Departure, * pleading. Said to be when a party quits or departs from the case, or defence, which he has first made, and has recourse to another; it is when his replication or rejoinder contains matter not pursuant to the declaration, or plea, and which does not support and fortify it. Co. Litt. 304, a; 2 Saund. 84, a, n. (1); 2 Wils. 98; 1 Chit. Pl. 619. The following example will illustrate what is a departure: if to assumpsit, the defendant plead infancy, and to a replication of necessaries, rejoin, duress, payment, release, &c., the rejoinder is a departure , and a good cause of demurrer, because the defendant quits or departs from the case or defence which he first made, though either of these matters, newly pleaded, would have been a good bar, if first pleaded as such.

2. A departure in pleading is never allowed, for the record would, by such means, be spun out into endless prolixity; for he who has departed from and relinquished his first plea, might resort to a second, third, fourth, or even fortieth defence; pleading would, by such means, become infinite. He who had a bad cause, would never be brought to issue, and he who had a good one, would never obtain the end of his suit. Summary on Pleading, 92; 2 Saund. 84, a. n. (l); 16 East, R. 39; 1 M. & S. 395 Coin. Dig. Pleader, F 7, 11; Bac. Abr. Pleas, L; Vin. Abr. Departure; 1 Archb. Civ. Pl. 247, 253; 1 Chit. Pl. 618.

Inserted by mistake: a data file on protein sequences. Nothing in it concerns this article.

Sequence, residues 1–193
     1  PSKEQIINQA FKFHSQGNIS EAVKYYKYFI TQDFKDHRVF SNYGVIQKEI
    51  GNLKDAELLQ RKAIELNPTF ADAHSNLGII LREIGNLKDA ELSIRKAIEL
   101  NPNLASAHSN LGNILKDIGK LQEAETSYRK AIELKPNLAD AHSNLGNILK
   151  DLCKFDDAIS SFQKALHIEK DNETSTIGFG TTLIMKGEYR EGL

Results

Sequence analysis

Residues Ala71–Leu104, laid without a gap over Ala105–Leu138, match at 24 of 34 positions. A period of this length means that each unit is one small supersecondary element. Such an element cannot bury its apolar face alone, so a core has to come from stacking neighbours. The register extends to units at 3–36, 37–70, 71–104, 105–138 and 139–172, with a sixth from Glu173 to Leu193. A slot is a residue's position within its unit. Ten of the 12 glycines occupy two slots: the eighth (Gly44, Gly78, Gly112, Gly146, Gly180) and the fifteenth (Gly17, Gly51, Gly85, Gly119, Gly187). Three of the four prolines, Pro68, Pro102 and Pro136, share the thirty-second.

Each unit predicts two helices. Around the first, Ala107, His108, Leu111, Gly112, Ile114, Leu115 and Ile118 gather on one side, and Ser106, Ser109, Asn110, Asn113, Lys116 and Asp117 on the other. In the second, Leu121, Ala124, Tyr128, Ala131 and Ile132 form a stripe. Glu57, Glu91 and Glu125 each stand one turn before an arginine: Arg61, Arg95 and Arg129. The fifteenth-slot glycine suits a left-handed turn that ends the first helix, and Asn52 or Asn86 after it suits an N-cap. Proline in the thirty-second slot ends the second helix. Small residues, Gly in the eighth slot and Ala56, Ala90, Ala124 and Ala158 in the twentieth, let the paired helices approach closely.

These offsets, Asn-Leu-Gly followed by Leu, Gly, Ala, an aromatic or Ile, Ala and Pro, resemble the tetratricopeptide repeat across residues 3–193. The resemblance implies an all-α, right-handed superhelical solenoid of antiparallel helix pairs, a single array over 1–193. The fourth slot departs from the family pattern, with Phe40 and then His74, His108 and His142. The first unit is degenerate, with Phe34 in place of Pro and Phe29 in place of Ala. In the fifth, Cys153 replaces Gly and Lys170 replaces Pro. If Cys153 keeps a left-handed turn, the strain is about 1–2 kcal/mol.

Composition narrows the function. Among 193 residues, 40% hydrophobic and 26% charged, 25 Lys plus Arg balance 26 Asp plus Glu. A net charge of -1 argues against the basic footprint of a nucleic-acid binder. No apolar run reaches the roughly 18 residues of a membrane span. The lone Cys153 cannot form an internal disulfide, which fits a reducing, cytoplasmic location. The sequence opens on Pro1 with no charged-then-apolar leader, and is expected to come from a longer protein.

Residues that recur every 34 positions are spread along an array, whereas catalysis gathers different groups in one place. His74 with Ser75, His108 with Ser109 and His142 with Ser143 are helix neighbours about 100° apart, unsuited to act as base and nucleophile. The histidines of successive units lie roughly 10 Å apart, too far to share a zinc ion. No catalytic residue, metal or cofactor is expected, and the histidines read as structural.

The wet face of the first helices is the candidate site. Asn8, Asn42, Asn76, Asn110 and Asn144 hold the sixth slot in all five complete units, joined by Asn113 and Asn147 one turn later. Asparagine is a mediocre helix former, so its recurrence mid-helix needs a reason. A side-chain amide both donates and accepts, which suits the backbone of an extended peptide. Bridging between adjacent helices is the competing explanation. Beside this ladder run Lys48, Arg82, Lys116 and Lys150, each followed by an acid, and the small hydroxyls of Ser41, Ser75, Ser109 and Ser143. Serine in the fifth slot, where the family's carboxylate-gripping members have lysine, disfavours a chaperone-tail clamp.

3. A departure is cured by a verdict in favor of him who makes it, if the matter pleaded by way of departure is a sufficient answer, in substance, to what is before pleaded by the opposite party; that is, if it would have been sufficient, if pleaded in the first instance. 2 Saund. 84 1 Lill. Ab. 444.

* From Bouvier's Law Dictionary, 1856 Edition. Please see Bouvier's Legal Abbreviations & Abbreviated References for help with obscure nomenclature & references.

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